* Making Foxit Reader to open files with double click on ubuntu using Wine (main reference (* 2)): In the folder "~ /.local/share/applications" create files "Foxit Reader.desktop" and "Foxit Reader.sh" as models. -> Foxit Reader.desktop Note: Note that "/home/eduardo/.local/share/applications/Foxit Reader.sh" must be enclosed in single quotes because there is a space in the name "Foxit Reader". " [Desktop Entry] Categories=; Exec='/home/eduardo/.local/share/applications/Foxit Reader.sh' %f Hidden=false Icon=3B87_Foxit Reader.0 Name=Foxit Reader StartupNotify=true Type=Application Name[en_US]=Foxit Reader " -> Foxit Reader.sh Note: Note that " #!/bin/ksh" have to have a space before, otherwise it does not work. " #!/bin/ksh param= while [ "$1" ] do param="$param Z:$1" shift done wine "C:\Program Files (x86)\Foxit Software\Foxit Reader\Foxit Reader.exe" $param " Run the command "chmod a+x '/home/name/.local/share/applications/Foxit Reader.sh'" to give "Foxit Reader.sh" execute permissions (reference (* 1)). Even in the "~/.local/share/applications" open file "mimeapps.list" and insert the following entries as the model and keeping the others: NoteI: You may need to remove old entries to "application/pdf". NoteII: The file "/usr/share/applications/mimeinfo.cache" usually has several models of the inputs used in "mimeapps.list." " [Default Applications] application/pdf=Foxit Reader.desktop; [Added Associations] application/pdf=Foxit Reader.desktop; " If there are other files repeated in "~/.local/share/applications" to "Foxit Reader" (eg "Foxit Reader-1.desktop", "Foxit Reader-2.desktop", "Foxit Reader-3.desktop" ...) maybe you will need to remove them to make scheme works properly. -=-=-=-=-=-=-=-=-=-=-=-=-=-=-=-=-=-=-=-=-=-=-=-=- References -=-=-=-=-=-=-=-=-=-=-=-=-=-=-=-=-=-=-=-=-=-=-=-=- (*2) " Nautilus open-with / mime-type associations BY ARNON WEINBERG, ON DECEMBER 12TH, 2010 Using the native GNOME file manager Nautilus, you can double-click on a file to open it with its default application. If you donâ€™t like that, are not sure what the default application is, or want to modify it, then you can right-click on the file to see a list of mime-type associations. The first item on the list is the default application, and the rest are alternatives. The last item on the list is â€œOpen with Other Applicationâ€¦â€. For example, on my current system, right-clicking on a .txt file brings up: Open with "Emacs Text Editor" Open with "OpenOffice.org Calc" Open with "OpenOffice.org Writer" Open with Other Application... Clicking on â€œOpen with Other Applicationâ€¦â€ brings up a dialogue box that lets you add another application to the list. A list of known applications is provided, and there is a â€œUse a custom commandâ€ option, that allows associating with any arbitrary command. If you want to change the default application, or remove an application from the list, then right-click on the file, and select Properties -> Open With. Modifying the mime-type associations manually: Under a standard freedesktop system, the local (user) mime-type associations are listed in: ~/.local/share/applications/mimeapps.list For example, the .txt file associations on my system are listed as follows: [Added Associations] text/plain=emacs.desktop;openoffice.org-calc.desktop;openoffice.org-writer.desktop; These are references to *.desktop files, which describe the applications. Adding applications to the â€œOpen with Other Applicationâ€¦â€ list: Any application manually associated with a file type using the â€œUse a custom commandâ€ option is automatically added to the â€œOpen with Other Applicationâ€¦â€ known applications list. In the â€œback-endâ€, a corresponding ad-hoc *.desktop file is created to describe the application, and a reference to it is made in the mimeapps.list file. An interesting question is: How to add an application to the default â€œOpen with Other Applicationâ€¦â€ list using an existing *.desktop file. Doing this has the advantage of recycling existing files, automatically associating mime-types, and adding a nice icon to the application. In fact, the default known applications list is automatically derived from the list of known *.desktop files â€“ the same list used to derive the menu. Thus all *.desktop files in the standard locations are used to generate the list. A caveat that I discovered however, is that not all *.desktop files are included â€“ only the ones containing a line similar to: Exec= %f â€¦ ie, that specify how to handle a parameter (the file being opened) are included. Example: I set up Photoshop under Wine and wanted to associate *.psd files with it. To do this: Create a shell script to run Photoshop and pass parameters to it (and test it!) Create a Photoshop.desktop file with the Exec line calling the script and passing %f Place the *.desktop file in ~/.local/share/applications (or another standard location) Use the â€œOpen with Other Applicationâ€¦â€ dialogue as above to make the association â€“ Photoshop should now appear on the list Nautilus Actions Configuration Just for good measure, under System -> Preferences -> Nautilus Actions Configuration is a method for adding context-menu actions to Nautilus. These are items that appear in the same right-click menu as above, but lower down the list (below â€œSearch for Filesâ€¦â€). You can associate applications this way as well. Sample script to run Photoshop under Wine: #!/bin/ksh param= while [ "$1" ] do param="$param Z:$1" shift done wine "C:\Program Files\Adobe\Adobe Photoshop CS2\Photoshop.exe" $param Sample *.desktop file for Photoshop under Wine: #!/usr/bin/env xdg-open [Desktop Entry] Encoding=UTF-8 Version=1.0 Type=Application Terminal=false Icon[en_US]=~/.local/share/icons/9b6a_newshortcut1_236bb7c4441942fd04091e257a25e34d.0.png Name[en_US]=Image Editor - Photoshop Exec=~/applications/Photoshop/Photoshop %f Name=Image Editor - Photoshop Icon=gnome-panel-launcher MimeType=image/x-psd;image/vnd.adobe.photoshop; " -=-=-=-=-=-=-=-=-=-=-=-=-=-=-=-=-=-=-=-=-=-=-=-=- (*1) " Scripting NOTE: The commands given in the scripting section are to be put into the text editor and not in the terminal unless instructed otherwise. Bash is primarily a scripting language, so it would be a crime not to talk about scripting. Let's dive straight in with a bash script. More precisely the infamous "Hello World" script. You can create a bash script by opening your favorite text editor to edit your script and then saving it (typically the .sh file extension is used for your reference, but is not necessary. In our examples, we will be using the .sh extension). #!/bin/bash echo "Hello, World" The first line of the script just defines which interpreter to use. NOTE: There is no leading whitespace before #!/bin/bash. That's it, simple as that. To run a bash script you first have to have the correct file permissions. We do this with chmod command in terminal (change mode) as follows: chmod a+x /where/i/saved/it/hello_world.sh #Gives everyone execute permissions # OR chmod 700 /where/i/saved/it/hello_world.sh #Gives read,write,execute permissions to the Owner This will give the file the appropriate permissions so that it can be executed. Now open a terminal and run the script like this: /where/i/saved/it/hello_world.sh " -=-=-=-=-=-=-=-=-=-=-=-=-=-=-=-=-=-=-=-=-=-=-=-=-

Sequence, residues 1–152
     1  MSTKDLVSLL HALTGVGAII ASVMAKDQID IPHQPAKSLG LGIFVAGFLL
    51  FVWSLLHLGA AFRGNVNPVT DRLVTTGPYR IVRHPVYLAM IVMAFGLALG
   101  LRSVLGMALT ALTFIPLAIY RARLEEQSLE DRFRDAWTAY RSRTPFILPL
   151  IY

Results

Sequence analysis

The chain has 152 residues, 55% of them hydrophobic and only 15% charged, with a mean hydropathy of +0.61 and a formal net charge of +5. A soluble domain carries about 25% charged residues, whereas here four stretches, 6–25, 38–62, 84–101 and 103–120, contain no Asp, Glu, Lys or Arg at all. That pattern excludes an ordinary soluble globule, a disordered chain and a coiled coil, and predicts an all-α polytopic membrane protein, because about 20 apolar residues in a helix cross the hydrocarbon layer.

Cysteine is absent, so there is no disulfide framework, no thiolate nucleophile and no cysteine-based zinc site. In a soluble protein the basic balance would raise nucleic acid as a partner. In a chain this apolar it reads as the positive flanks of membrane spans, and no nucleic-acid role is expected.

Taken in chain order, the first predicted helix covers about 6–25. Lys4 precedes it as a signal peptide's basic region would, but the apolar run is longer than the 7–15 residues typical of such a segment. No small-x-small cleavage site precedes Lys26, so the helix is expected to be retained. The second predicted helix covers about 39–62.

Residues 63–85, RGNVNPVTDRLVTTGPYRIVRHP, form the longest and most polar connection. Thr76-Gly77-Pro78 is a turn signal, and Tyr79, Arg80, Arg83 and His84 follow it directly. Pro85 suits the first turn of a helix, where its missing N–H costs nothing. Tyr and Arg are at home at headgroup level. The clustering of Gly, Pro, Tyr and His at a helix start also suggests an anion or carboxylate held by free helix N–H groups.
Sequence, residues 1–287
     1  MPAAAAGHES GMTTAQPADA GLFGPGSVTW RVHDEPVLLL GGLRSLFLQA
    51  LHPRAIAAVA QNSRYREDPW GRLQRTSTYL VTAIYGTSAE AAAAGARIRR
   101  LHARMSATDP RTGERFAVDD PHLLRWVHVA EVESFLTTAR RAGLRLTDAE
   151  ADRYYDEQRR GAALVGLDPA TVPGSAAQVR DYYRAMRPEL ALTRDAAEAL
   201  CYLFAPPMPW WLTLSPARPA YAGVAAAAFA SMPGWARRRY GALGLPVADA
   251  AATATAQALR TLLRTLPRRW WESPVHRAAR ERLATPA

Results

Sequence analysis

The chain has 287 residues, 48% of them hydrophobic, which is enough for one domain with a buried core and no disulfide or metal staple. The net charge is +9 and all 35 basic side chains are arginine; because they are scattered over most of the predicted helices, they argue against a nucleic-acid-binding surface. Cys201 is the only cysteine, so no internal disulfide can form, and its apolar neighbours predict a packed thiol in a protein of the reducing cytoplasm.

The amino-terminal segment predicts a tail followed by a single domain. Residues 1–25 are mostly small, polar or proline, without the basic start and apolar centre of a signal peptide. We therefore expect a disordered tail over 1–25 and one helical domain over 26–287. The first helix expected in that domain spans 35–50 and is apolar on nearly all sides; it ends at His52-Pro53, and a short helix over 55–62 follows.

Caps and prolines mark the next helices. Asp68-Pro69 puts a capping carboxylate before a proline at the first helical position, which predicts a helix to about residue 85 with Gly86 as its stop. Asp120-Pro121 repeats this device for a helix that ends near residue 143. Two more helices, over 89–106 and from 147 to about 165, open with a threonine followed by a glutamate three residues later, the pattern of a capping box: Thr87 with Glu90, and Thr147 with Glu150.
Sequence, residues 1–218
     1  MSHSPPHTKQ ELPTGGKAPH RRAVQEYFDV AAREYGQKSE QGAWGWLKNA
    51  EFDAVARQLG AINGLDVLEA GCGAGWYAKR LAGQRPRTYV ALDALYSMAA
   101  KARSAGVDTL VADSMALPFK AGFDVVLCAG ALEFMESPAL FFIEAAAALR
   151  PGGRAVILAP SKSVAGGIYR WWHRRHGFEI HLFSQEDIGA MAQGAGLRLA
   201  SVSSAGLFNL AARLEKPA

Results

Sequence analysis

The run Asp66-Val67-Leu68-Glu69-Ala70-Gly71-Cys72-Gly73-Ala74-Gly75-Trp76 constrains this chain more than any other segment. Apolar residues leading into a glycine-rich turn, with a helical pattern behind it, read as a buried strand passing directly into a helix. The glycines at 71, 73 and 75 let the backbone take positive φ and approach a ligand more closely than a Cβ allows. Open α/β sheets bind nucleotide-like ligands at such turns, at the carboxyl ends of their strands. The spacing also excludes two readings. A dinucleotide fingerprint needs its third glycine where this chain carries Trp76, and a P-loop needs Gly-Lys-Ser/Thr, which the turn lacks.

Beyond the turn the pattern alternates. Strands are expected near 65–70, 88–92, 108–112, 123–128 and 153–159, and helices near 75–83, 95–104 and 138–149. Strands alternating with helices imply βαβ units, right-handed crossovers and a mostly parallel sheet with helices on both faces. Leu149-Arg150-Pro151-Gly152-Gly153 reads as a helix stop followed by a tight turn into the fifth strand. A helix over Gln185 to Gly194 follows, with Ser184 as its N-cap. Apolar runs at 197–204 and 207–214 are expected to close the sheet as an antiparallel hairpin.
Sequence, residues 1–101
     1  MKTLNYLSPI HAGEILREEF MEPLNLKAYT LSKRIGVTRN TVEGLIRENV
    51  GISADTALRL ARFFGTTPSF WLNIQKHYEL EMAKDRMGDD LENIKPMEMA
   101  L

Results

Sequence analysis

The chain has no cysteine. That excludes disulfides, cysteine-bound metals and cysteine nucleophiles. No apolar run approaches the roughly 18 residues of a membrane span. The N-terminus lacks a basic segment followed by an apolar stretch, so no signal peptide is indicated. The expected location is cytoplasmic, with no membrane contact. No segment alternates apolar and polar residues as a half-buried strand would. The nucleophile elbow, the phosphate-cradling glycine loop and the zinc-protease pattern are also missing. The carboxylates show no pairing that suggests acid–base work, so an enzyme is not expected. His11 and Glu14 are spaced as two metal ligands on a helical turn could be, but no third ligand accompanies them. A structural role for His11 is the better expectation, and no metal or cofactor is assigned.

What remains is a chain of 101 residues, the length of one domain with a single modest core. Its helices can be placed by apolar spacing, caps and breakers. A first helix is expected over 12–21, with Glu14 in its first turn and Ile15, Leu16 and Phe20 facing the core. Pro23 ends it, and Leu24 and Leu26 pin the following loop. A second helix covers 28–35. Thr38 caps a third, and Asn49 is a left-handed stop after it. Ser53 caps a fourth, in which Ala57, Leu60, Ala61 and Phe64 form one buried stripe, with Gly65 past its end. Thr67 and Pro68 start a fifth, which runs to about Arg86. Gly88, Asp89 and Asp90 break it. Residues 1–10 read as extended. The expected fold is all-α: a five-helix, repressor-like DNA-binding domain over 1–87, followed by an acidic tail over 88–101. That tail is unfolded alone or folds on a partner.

|Operating system||Test date||Wine version||Installs?||Runs?||Used|
|Show||Mac OS X 10.7 "Lion"||Dec 18 2012||1.4.1||Yes||Yes||Bronze||an anonymous user|
|Current||Ubuntu 12.04 "Precise" amd64 (+ variants like Kubuntu)||Feb 04 2013||1.4||Yes||Yes||Platinum||an anonymous user|